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What is the Biggest IT Change in the Last 30 Years?

Collaboration has come a long and I do mean a LONG way in the last 30 years. So with all the advances out there what is the single most important one?

You can vote here: http://ideas.govloop.com/forums/56138-moc-30-years-of-collaboration

I mean there are several to chose from: E-mail, Internet, Cell Phone and Shared Drives, and if we haven’t thought of the advancement you’re thinking about feel free to add it.

We are teaming with ACT/IAC to get your feedback before the 30 Years of Collaboration with the Management of Change Conference. Your insights will be shared during MOC keynote, so it’s kind of important to vote!

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6 Comments

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Profile Photo AJ Malik

Over the past three decades, the costs of communications have fallen, while the the value of information/idea exchange has risen. The end of the traditional media model compounded by the exponential increase Web 2.0 self-publishing information flows has drastically increased how much information we are consuming on a daily basis. As a result, organizations are becoming more decentralized, and, in turn, establishing knowledge/experience infrastructures to promote the effective exchange of information/ ideas. Knowledge management, both personal and enterprise, enables workers to find the key information they require to fulfill work products tasks, as well as to provide information/idea exchange with subject matter experts, within their decentralized organizations.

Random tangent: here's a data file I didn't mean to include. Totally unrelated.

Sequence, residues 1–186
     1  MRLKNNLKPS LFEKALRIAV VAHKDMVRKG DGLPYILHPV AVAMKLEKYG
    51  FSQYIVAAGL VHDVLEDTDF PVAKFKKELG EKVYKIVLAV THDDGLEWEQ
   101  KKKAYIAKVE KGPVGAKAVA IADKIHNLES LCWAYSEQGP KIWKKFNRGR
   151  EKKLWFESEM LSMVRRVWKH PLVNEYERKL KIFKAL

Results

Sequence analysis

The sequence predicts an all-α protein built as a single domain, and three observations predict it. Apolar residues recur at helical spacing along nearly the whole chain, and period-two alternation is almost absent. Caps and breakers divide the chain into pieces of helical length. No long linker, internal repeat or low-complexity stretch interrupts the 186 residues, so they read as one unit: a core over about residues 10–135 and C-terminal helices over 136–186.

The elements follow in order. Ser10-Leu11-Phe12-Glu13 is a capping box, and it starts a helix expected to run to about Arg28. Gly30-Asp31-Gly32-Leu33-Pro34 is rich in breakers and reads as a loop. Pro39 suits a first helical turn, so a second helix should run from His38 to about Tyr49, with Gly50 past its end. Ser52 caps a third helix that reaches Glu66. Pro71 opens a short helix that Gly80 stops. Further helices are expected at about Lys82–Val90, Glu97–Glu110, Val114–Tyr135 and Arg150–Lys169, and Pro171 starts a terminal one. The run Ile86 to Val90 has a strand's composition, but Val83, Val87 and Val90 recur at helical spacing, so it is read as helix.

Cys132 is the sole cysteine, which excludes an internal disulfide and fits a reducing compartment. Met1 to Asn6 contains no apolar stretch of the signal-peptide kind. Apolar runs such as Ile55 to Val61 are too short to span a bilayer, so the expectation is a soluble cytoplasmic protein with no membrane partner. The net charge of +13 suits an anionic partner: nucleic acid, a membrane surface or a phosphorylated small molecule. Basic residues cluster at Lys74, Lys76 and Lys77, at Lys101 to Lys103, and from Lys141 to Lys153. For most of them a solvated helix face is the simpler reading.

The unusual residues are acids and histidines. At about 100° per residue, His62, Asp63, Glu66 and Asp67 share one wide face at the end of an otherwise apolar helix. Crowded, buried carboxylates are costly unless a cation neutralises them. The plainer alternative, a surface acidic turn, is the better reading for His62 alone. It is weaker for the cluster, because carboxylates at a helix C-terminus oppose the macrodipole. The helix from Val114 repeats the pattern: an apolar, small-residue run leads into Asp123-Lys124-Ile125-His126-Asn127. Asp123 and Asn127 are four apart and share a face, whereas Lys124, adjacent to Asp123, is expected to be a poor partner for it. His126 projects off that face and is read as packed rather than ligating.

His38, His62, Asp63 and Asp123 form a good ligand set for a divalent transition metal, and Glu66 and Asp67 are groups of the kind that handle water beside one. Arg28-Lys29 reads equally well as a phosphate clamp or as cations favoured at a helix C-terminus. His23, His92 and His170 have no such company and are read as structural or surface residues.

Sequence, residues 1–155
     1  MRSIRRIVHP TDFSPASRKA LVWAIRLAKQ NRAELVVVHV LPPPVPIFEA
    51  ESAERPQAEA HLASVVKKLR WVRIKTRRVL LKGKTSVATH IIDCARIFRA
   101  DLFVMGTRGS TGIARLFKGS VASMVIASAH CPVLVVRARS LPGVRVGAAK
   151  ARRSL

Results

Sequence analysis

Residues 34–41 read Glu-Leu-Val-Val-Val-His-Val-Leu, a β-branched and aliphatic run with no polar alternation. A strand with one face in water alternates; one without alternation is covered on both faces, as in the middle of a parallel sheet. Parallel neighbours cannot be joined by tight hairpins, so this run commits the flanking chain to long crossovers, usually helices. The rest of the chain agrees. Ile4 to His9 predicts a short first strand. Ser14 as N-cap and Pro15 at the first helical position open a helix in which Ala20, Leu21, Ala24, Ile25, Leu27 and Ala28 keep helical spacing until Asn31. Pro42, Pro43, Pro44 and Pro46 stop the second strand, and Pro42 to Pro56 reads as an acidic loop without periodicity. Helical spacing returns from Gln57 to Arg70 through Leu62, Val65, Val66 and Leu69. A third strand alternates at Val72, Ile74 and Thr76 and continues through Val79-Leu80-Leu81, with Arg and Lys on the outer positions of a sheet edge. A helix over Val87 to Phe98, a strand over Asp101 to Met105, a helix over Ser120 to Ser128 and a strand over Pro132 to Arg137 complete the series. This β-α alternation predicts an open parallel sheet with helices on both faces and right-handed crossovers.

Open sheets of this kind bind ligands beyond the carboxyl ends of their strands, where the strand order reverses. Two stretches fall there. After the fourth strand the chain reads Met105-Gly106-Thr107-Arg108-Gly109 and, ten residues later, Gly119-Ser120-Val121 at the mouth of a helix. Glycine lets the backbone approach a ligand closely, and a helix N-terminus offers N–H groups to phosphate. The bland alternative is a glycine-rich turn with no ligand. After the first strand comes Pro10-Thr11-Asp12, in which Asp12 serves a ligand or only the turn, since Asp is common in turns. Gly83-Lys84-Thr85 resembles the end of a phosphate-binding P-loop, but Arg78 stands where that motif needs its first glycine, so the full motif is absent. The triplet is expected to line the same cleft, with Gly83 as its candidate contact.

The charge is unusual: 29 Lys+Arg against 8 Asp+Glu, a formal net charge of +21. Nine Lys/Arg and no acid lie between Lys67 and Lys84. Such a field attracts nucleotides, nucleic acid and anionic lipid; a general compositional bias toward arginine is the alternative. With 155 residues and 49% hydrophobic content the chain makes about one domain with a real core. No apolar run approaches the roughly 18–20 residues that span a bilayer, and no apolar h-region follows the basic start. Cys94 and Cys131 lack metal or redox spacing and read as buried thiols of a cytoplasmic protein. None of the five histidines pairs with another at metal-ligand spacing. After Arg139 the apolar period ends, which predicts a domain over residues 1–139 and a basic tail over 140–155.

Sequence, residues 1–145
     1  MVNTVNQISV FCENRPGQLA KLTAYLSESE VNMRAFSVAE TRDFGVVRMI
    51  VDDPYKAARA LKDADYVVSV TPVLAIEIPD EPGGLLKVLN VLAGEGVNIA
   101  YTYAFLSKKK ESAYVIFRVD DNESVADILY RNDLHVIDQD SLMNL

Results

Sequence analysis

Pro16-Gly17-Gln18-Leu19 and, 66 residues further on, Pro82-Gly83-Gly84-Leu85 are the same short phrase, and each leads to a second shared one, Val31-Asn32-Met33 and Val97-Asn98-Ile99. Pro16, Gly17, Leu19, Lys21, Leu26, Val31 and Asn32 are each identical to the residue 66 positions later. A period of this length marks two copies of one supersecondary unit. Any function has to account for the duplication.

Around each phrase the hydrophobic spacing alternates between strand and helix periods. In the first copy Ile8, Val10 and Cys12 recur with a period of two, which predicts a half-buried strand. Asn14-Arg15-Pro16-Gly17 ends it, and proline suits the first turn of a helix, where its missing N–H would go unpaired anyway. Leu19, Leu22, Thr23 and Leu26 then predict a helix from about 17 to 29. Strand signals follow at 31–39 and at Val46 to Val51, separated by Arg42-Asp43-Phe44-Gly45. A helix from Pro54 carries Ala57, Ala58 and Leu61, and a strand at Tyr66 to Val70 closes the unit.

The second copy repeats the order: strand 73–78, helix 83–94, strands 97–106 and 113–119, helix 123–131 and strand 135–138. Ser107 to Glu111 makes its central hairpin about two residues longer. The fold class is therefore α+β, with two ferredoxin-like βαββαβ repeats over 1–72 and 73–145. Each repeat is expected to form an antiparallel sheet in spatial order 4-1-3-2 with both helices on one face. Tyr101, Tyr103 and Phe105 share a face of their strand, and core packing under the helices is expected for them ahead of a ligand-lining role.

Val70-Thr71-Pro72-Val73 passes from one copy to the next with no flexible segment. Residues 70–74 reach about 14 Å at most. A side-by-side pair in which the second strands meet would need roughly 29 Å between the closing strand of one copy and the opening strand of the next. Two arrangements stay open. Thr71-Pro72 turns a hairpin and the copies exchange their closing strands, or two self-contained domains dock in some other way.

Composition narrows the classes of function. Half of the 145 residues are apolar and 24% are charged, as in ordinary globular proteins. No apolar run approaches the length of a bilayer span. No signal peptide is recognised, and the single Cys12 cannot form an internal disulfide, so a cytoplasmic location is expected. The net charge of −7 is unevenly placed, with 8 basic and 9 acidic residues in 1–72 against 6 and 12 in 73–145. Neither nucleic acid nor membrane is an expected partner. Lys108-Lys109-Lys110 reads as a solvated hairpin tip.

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Profile Photo Peter Sperry

I would have to say the deployment of desktop PCs, which was only about 25 years ago. Everything else has been dependent on them. It was also the first major advance beyond “big iron” mainframe computing. Second would be the rise of the IT culture with its unique way of thinking. Unclear yet if it is a feature or a bug but …………………………..

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Profile Photo Henry Brown

Would have to agree with Peter that the PC has probably had the most impact on IT: Although the availability of the “internet” to all certainly has caused MAJOR shifts in the world of IT. but even that shift probably would NOT occurred if IBM and others hadn’t invented the PC.

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Profile Photo Bill Brantley

You don’t have the original killer app in your list. Peter is partially right in that the desktop PC was the major advance but what caused the mass adoption of the PC was the spreadsheet. Business workers started smuggling in PCs because they could run their own analysis and not have to rely on the mainframe druids for basic analysis. Second to the spreadsheet was word processing. Not having to depend on the typing pool and the mainframe department greatly increased office productivity.

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